Although the mechanisms by which DANs affect feeding behavior remain unclear, MBONs can modulate innate behavior such as taste sensitivity (Masek et al., 2015), naïve response to odors (Owald et al., 2015), place preference (Aso et al., 2014b), and food seeking behavior (Tsao et al., 2018). Could the modulation of feeding by DAN activation result from learning? This seems unlikely with our current experimental design, as both food options were always identical, and thus there would be no predictive cues to associate with appetitive or aversive DAN stimulation. We think it is more likely that the same reward or punishment signals that underlie memory formation also acutely modify feeding behavior. However, the possibility of pairing circuit activation with specific food cues may offer a new paradigm for studying food memories, and neuronal activation via self-administration opens new avenues for the study of operant conditioning and addiction.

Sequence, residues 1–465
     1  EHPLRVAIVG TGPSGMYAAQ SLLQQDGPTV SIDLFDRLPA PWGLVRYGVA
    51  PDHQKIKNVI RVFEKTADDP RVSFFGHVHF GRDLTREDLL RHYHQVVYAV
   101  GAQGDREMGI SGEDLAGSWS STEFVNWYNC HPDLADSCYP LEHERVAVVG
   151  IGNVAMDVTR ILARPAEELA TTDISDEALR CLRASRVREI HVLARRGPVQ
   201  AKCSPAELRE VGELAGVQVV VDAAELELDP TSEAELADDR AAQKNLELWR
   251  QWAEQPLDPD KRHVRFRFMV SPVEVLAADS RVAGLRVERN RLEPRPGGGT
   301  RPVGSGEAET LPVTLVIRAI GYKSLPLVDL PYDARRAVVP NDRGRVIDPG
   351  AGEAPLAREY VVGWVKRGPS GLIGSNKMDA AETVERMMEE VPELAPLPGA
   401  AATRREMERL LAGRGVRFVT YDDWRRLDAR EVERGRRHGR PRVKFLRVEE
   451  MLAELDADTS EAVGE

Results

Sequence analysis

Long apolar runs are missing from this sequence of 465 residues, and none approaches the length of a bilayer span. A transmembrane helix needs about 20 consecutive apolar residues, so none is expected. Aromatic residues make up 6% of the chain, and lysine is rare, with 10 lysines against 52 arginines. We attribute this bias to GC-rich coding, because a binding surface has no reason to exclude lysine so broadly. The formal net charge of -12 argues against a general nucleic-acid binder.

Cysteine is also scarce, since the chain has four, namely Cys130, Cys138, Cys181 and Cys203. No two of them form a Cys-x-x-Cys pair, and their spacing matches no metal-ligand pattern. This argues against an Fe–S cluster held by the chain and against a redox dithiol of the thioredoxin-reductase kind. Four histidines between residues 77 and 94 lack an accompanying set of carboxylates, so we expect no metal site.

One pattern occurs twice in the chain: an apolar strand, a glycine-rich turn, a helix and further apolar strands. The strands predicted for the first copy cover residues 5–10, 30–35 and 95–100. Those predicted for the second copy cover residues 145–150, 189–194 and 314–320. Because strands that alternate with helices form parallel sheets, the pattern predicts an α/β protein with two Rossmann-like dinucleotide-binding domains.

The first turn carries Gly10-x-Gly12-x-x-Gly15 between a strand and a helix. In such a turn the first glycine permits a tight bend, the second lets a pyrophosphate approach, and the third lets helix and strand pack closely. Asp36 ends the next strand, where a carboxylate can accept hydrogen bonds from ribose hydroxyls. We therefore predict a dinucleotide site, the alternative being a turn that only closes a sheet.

Materials and methods

STROBE system

Request a detailed protocol

The STROBE system consists of a field programmable gate array (FPGA) controller attached to a multiplexor board, adaptor boards, fly arenas equipped with capacitive sensors and lighting circuits. The hardware, with the exception of the lighting circuit units, is based on the FlyPAD design (Itskov et al., 2014). Each fly arena is paired with a lighting circuit and an opaque curtain (to prevent interference from external light). This pair will be referred to as a fly chamber unit. The entire system accommodates 16 fly chamber units (16 fly arenas and 16 lighting circuits), through eight adaptor boards. The FPGA used is a Terasic DEV0-Nano mounted onto a custom-made multiplexor board.